There’s nary a dull moment in this complex, relentlessly plotted, if bloated, maritime potboiler sure to keep readers alert.



An energetic tale explores murder, revenge, and corporate deceit playing out on the high seas.

Silva’s (New York Scramble, 2015, etc.) seafaring novel follows the son of a murdered man who is bent on avenging his death. During a sailing trip around the Channel Islands, Hank Serling and his attractive mate, Susann Carmody, encounter a struggling swimmer awash in the ocean. They rescue the waterlogged man only to be viciously harassed by aggressive Navy SEAL petty officer Glen Maddox, who’d been administering an ocean swim test to assess his cadets’ physical endurance. Later, Hank learns of his father Matthew’s death in his Wall Street brokerage firm’s office, finding the police explanation of suicide and that his dad was nearly penniless difficult to believe. Hank is left with controlling interest in his father’s million-dollar, 53-foot racing sailboat, Vendetta, which is currently operated by a shifty group of mariners. After police suddenly deem Matthew’s death a homicide, Hank springs into action to solve his father’s murder, reclaim the sailboat (by any means necessary), and exact justice on the killers. But his intentions cause more problems than they solve. Hank absconds with the boat, and police put a reward out for its recovery, which tempts short-tempered, recently terminated Maddox with both the idea of money and revenge on the man who indirectly caused his military career to end. Subplots branch off the main attraction and include a co-conspiratorial plan to cash in on politically charged Panamanian land, machinations by murderous embezzler Wilbur Gammon, a falsified bankruptcy scheme, and a group of nefarious bandits who try to kidnap Hank. In this suspenseful, dramatic work, Hank remains a formidable protagonist: tough, resilient, eager to right Gammon’s wrongdoing against his beloved father, and a man who knows his way around both a new Caribbean love interest, Tara, and a sailboat (“The feel of sailing a boat at night began to work its magic. He experienced a strange confidence, having done all he could for the boat. Hank…kept his mind on just the vital elements—the rig, the wind, the sea”). Silva’s assertive prose more than makes up for some rickety coincidences, an overblown storyline, and a drawn-out sequence on Isla de la Boca pitting Hank against a gun-toting Maddox and a freak hurricane.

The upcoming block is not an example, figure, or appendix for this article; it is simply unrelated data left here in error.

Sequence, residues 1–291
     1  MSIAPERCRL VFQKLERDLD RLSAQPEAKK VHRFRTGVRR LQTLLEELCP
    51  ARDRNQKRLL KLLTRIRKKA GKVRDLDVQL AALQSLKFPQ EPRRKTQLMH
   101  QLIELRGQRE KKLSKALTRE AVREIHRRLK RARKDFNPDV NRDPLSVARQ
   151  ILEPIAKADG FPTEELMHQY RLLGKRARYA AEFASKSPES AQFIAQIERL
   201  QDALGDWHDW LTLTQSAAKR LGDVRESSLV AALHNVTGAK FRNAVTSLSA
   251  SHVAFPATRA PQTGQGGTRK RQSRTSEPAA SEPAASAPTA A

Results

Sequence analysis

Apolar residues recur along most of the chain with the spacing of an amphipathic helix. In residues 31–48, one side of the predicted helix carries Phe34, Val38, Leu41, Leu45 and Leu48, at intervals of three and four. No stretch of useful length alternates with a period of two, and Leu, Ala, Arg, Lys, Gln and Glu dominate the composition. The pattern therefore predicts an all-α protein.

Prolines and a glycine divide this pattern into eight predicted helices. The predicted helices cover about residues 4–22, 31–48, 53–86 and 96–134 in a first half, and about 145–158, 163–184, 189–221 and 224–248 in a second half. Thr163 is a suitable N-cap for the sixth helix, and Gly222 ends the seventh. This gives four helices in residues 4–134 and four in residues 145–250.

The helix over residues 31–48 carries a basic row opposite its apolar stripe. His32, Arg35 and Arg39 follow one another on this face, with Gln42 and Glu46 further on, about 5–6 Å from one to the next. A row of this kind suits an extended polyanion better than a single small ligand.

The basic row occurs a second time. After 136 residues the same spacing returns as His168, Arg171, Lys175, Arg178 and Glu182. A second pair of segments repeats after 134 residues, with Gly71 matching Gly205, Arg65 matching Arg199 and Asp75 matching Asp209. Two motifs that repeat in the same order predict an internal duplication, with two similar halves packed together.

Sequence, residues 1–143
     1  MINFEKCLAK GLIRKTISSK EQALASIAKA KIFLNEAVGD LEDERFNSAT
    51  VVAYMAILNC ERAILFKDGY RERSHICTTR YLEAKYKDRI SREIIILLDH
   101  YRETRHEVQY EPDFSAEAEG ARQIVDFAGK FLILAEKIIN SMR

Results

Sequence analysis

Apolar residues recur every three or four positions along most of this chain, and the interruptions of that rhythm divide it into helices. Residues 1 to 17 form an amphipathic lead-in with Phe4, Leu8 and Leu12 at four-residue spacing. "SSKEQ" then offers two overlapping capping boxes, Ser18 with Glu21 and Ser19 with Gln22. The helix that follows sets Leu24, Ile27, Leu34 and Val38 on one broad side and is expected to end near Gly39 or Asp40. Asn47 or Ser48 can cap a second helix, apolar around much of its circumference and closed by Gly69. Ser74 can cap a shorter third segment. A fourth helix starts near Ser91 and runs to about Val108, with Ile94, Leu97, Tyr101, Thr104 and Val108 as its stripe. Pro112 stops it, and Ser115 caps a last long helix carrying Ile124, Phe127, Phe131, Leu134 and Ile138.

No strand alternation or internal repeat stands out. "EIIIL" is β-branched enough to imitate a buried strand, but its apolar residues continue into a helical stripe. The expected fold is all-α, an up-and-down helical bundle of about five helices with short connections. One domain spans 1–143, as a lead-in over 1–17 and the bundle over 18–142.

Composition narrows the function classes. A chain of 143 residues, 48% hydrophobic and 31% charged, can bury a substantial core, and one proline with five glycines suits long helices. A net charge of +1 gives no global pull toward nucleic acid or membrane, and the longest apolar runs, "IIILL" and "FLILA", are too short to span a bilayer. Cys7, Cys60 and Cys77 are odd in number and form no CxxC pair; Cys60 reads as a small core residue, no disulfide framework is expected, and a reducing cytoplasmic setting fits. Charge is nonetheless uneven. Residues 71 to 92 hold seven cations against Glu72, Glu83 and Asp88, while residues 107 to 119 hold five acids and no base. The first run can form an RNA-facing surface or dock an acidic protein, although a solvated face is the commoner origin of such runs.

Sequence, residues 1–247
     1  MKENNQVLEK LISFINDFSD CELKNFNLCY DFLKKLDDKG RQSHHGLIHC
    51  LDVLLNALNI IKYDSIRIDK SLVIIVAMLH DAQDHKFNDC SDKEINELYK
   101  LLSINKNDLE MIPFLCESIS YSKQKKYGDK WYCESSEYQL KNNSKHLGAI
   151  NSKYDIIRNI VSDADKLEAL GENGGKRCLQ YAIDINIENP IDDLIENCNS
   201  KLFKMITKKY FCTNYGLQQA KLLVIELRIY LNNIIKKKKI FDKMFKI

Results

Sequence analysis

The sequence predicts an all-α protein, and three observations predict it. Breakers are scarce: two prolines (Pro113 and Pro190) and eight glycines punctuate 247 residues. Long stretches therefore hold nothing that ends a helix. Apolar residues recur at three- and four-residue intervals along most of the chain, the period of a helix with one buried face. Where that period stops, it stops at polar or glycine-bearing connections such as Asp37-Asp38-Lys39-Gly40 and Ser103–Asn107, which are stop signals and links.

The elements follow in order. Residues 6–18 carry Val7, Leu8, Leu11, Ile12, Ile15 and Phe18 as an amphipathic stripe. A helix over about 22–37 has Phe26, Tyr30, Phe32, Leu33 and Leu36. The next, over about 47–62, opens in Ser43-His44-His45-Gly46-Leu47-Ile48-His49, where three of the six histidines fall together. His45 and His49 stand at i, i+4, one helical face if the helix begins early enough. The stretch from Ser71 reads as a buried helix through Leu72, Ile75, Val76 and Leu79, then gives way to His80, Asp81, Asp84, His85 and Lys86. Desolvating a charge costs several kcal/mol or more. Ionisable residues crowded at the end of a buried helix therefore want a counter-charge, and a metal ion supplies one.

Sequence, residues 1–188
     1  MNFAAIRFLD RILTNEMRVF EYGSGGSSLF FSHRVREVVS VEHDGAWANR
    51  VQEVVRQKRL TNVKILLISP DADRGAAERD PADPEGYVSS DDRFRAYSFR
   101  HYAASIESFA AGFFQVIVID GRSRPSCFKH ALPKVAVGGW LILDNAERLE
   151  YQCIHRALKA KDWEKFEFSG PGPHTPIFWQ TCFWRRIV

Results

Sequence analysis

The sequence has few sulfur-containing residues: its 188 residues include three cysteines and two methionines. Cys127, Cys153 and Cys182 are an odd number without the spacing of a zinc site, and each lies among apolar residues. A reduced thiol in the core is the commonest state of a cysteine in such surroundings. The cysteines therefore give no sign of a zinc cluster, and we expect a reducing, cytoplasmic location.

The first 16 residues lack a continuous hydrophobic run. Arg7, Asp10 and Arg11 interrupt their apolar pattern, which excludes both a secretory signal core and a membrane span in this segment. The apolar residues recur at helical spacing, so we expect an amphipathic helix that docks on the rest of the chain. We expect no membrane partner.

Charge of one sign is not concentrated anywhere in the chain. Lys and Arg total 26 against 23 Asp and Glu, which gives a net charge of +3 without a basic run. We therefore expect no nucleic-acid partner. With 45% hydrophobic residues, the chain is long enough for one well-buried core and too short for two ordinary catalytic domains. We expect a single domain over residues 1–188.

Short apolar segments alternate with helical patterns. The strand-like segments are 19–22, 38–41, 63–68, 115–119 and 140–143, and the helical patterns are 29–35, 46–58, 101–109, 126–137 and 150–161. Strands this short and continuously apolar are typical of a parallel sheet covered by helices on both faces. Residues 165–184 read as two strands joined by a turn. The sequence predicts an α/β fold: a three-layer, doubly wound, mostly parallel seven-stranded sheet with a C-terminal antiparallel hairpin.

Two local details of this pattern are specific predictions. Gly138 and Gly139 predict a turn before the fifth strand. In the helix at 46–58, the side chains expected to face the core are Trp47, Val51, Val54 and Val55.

There’s nary a dull moment in this complex, relentlessly plotted, if bloated, maritime potboiler sure to keep readers alert.

Pub Date: June 27, 2016

ISBN: 978-1-5238-1902-7

Page Count: 372

Publisher: CreateSpace

Review Posted Online: Aug. 25, 2016

Did you like this book?

No Comments Yet